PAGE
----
|Pema in her prime. Click photos to see in full. BK photos|
She was in all senses a rescue cat--rescued from starvation by friends who found her in their barn. They didn't think she'd make it through the night. She was probably about two years old, but nobody knows.
Eventually we would say "Meditation, Pema!" and she would stroll into the living room, where she would sit on my lap and I would meditate on petting her just the way she liked it.
She was semi-feral at first and only Margaret's patience and persistence got her out of the cat carrier in the kitchen. It took a lot longer for her to warm up to me, but once she did, she was all in.
She was smart from the start. She learned how doors work, and soon opened them herself. It wasn't long before she became the queen of the household. But she was never any trouble, except for her various health problems in recent years--she kept within the backyard boundaries outside, and did no damage to anything inside. Except for a salamander she brought in a few times (and it survived), she never hurt another creature. She was more of an indoor cat, and in recent years exclusively so.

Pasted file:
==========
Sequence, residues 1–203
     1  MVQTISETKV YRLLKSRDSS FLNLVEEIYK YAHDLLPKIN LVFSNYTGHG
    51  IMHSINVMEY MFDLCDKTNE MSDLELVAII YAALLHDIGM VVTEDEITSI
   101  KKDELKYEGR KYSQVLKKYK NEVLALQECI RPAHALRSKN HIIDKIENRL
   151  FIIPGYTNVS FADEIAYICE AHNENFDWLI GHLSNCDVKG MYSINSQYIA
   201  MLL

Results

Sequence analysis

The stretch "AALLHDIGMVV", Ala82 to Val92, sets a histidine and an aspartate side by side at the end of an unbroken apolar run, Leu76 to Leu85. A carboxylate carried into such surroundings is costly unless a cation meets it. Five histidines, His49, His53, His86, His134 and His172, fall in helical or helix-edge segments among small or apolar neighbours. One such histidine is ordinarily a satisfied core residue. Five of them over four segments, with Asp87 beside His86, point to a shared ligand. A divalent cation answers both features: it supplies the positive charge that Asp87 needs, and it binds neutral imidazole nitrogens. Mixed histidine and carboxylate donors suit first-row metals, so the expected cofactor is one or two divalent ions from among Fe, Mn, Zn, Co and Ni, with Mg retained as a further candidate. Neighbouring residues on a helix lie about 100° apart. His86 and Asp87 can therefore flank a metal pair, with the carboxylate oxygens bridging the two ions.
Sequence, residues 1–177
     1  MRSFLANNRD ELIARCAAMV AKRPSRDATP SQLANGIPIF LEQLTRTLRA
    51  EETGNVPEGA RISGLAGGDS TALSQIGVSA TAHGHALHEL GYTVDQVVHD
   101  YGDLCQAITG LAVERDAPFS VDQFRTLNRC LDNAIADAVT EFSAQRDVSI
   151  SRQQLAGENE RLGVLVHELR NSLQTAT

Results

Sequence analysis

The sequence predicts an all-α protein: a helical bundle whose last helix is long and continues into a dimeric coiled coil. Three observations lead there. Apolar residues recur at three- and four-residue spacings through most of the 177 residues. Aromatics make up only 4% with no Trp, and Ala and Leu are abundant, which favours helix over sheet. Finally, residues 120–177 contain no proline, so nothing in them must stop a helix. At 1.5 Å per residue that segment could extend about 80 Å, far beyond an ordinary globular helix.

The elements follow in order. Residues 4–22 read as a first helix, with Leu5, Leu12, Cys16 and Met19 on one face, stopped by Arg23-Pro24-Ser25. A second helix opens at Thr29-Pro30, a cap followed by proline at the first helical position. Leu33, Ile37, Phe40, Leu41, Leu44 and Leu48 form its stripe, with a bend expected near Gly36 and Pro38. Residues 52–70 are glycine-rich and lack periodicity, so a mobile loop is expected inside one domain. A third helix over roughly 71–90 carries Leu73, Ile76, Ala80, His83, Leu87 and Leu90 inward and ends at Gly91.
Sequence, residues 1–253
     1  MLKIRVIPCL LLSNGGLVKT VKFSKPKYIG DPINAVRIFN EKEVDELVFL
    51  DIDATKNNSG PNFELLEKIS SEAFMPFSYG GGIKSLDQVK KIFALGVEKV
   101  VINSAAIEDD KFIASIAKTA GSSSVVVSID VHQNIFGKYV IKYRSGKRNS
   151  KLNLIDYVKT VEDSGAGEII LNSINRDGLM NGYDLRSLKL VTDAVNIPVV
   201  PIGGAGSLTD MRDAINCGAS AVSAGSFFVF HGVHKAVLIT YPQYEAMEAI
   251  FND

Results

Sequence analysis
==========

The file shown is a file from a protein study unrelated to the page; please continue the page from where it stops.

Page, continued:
She had her peculiarities. She didn't drink water from her water dish (only in with her wet food); she hid from everyone but us, and she refused to be picked up. All of that changed, mostly in her last weeks.
I learned a lot from her, like always know you have a clear exit before you enter a room. We got to a point that she understood my words and I understood her non-verbal communications, most of the time anyway. But I won't go into what she meant to me, which was a lot: this is about her.
She was beautiful as you can see (a vet told us that a female with her coloration is rare.) She was more than rare: she was unique, because of who she was, and who she became in relationship to us. She became Pema, and she was Pema to the end. May she rest in peace. We will miss her every day.